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The late shift

In all the preand post-Budget excitement over capital gains tax, non-domiciliaries and inheritance tax, some of you may have forgotten that there are some income tax changes taking effect from April 6.

The starting rate of 10 per cent for 2008/09 applies to the first £2,320 of taxable savings income after allowances and reliefs. This is a change from previous tax years when the 10 per cent rate applied to all types of income. The fact that the 10 per cent will only apply to savings income is a subtle change from last year’s proposals which merely excluded earned income from being taxed at 10 per cent.

The result is that if an individual’s taxable non-savings income is more than £2,320, then the 10 per cent savings rate will not apply. This is because in calculating tax, savings income sits on top of non-savings income. If, for example, taxable non-savings income were £1,500, then £820 of savings income (the savings rate limit of £2,320 less non-savings income of £1,500) would benefit from the 10 per cent rate.

For 2008/09, basic-rate tax reduces to 20 per cent and the higher-rate threshold has been increased to £36,000. The basic rate will apply to income in the band £1 to £36,000, subject to what is said above in connection with the 10 per cent rate.

The basic rate of tax is relevant to:

  • Individual contributions to registered pension schemes which operate tax relief at source. This means that to keep the same level of gross contributions, net contributions will have to be increased or the gross amount will reduce.

  • Charitable covenants and Gift Aid. For qualifying Gift Aid donations made before April 6, 2011, the Government will make an additional repayment to the charity so that the overall effect is that the 22 per cent basic rate still applies for repayment purposes.

  • Annual payments.

    For those interested in trust taxation, it should be noted that discretionary trusts and accumulation and maintenance trusts will generally qualify for a £1,000 standard-rate tax band for 2008/09.

    So what planning opportunities should be considered in the light of these changes?

    By allocating income and possibly gains between spouses, particularly where the income is currently concentrated in the hands of one spouse and especially where that spouse pays income tax at a higher rate than the other, it is still possible to save tax. This reallocation can be achieved by unconditionally transferring assets from one spouse or registered civil partner to the other. No CGT or IHT liability will arise on such transfers. There is no better time than the start of the tax year to implement income-splitting plans.

    Following HMRC’s loss in the Jones v Garnett (Arctic Systems) case in December 2007, it issued a consultation paper on income shifting, draft legislation and guidance. The legislation was due to come into effect from April 6, 2008. Instead, there will be a further period of consultation and any resulting legislation will be introduced through the Finance Bill 2009.

    The purpose of the proposed legislation is to counteract income shifting, where one individual redirects part of their income to another individual who is subject to a lower rate of tax, by counteracting the tax advantage gained through the use of non-commercial arrangements by partnerships and companies.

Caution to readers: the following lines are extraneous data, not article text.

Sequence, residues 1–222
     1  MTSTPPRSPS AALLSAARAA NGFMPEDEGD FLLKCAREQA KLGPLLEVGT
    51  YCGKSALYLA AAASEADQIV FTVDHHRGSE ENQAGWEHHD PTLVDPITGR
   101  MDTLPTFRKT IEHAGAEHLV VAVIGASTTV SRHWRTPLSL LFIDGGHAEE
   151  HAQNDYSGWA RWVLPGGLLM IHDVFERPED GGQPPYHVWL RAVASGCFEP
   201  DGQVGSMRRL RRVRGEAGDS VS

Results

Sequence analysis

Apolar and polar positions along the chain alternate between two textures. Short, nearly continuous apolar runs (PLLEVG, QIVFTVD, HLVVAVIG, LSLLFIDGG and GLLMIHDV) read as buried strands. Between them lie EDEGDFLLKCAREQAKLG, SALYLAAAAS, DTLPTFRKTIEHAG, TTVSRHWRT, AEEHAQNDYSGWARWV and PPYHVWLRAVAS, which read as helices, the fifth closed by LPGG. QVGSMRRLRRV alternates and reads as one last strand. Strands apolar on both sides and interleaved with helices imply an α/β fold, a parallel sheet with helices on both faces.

The legislation as it was proposed was to apply to income that would be subject to tax in 2008/09 and later. It will apply when income is shifted from one individual (Individual 1) to another (Individual 2) provided that four conditions are satisfied:1: Individual 1 is party to or has power over the relevant arrangements. A relevant arrangement is one which is not a genuine commercial arrangement and, in all the circumstances, it is reasonable to conclude that the purpose or one of the main purposes of the arrangement is the avoidance or reduction of income tax.

    As would be expected, “arrangement” is widely defined to include “any agreement, understanding, scheme, transaction or series of transactions (whether or not legally enforceable)”. A genuine commercial arrangement is broadly defined as one that would have been made by individuals acting on an arm’s-length basis.2: Individual 1 forgoes income and any of that income would be income of Individual 2. Income is forgone if Individual 1 does not receive the income he or she is entitled to or, with regard to work done by Individual 1, he or she might reasonably expect to receive but does not.3: Individual 1 has the power to control or influence the amount of income shifted.4: The shifted income must consist of distributions from a company (most likely to be dividends) or profits of a partnership (including a limited liability partnership).

    If the above four conditions are satisfied, then the shifted income is treated as the income of Individual 1 for the tax year in question and will not form part of the income of Individual 2. However, this rule will not apply in a situation where the total amount of tax due from Individuals 1 and 2 is equal to or less than it would be were it treated as not being shifted. In other words, for the legislation to apply, a tax advantage must be secured. The income is not recategorised so if dividend income is forgone, that dividend income is assessed on Individual 1.

    It is intended that the liability for Class 4 National Insurance contributions, payable by the self-employed, will follow the shifted income, so the liability for NICs on shifted income will fall on Individual 1 as well as the income tax liability.

    For the time being, the guidance issued by HMRC following the decision in the House of Lords should be followed.

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